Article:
noun, plural Cher·o·kees, (especially collectively) Cher·o·kee for 1.
Examples from the Web for cherokees
The story goes on to marvel that “15 percent of the Cherokees built at the Ohio plant” are “destined for international markets.”
"You feel the fate of John Ross and the Cherokees," author Hampton Sides wrote of Hicks' "probing, eloquent" history.
I called them (the Cherokees) together and made a short speech.
Many Indian tribes hunted in Kentucky, but the Cherokees were the most important.Daniel Boone|Katharine E. Wilkie
Color symbolism plays an important part in the shamanistic system of the Cherokees, no less than in that of other tribes.The Sacred Formulas of the Cherokees|James Mooney
Cherokees and the United States to mutually release prisoners captured one from the other.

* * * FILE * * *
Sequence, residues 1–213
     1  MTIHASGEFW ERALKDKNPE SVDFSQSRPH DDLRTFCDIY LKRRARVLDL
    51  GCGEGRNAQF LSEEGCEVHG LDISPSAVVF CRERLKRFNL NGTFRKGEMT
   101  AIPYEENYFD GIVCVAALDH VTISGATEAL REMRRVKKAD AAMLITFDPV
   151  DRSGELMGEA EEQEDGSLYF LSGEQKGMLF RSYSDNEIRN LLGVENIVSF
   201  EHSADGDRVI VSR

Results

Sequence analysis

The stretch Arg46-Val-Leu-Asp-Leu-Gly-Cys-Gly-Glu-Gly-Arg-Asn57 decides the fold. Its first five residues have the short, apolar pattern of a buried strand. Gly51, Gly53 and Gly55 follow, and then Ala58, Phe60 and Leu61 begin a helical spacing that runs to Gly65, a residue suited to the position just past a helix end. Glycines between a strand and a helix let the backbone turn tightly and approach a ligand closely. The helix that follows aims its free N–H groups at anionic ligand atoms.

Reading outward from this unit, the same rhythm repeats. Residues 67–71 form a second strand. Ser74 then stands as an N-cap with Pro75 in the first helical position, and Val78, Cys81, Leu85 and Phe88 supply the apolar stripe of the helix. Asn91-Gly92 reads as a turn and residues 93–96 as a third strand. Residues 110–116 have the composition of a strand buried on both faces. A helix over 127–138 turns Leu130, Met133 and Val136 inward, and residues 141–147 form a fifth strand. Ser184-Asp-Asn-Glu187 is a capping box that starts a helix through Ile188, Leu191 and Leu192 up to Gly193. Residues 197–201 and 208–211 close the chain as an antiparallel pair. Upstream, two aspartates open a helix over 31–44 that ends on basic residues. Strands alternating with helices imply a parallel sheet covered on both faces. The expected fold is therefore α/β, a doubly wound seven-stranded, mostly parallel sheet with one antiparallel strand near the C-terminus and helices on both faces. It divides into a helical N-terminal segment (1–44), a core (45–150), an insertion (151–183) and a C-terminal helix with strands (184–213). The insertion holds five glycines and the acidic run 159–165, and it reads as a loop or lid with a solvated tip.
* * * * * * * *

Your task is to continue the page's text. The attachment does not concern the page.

The Cherokees agree to establish and maintain on the aforementioned roads the necessary ferries and public houses.
British Dictionary definitions for cherokees
Culture definitions for cherokees
A Native American tribe who lived in the Southeast in the early nineteenth century; the Cherokees were known as one of the “civilized tribes” because they built schools and published a newspaper. In the 1830s, the United States government forcibly removed most of the tribe to reservations west of the Mississippi River. (See Trail of Tears.)